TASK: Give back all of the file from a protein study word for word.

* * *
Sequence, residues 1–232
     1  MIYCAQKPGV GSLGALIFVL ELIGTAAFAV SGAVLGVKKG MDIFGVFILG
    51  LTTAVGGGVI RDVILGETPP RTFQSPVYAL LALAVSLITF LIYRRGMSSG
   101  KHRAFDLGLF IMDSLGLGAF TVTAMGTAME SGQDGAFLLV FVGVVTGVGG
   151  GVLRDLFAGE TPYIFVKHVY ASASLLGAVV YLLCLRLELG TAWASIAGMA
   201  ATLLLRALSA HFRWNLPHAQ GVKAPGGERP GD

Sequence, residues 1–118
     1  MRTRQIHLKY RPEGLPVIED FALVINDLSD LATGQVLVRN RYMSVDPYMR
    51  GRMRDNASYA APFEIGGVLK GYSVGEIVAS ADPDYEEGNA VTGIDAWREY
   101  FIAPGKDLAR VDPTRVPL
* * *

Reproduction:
Sequence, residues 1–232
     1  MIYCAQKPGV GSLGALIFVL ELIGTAAFAV SGAVLGVKKG MDIFGVFILG
    51  LTTAVGGGVI RDVILGETPP RTFQSPVYAL LALAVSLITF LIYRRGMSSG
   101  KHRAFDLGLF IMDSLGLGAF TVTAMGTAME SGQDGAFLLV FVGVVTGVGG
   151  GVLRDLFAGE TPYIFVKHVY ASASLLGAVV YLLCLRLELG TAWASIAGMA
   201  ATLLLRALSA HFRWNLPHAQ GVKAPGGERP GD

Sequence, residues 1–118
     1  MRTRQIHLKY RPEGLPVIED FALVINDLSD LATGQVLVRN RYMSVDPYMR
    51  GRMRDNASYA APFEIGGVLK GYSVGEIVAS ADPDYEEGNA VTGIDAWREY
   101  FIAPGKDLAR VDPTRVPL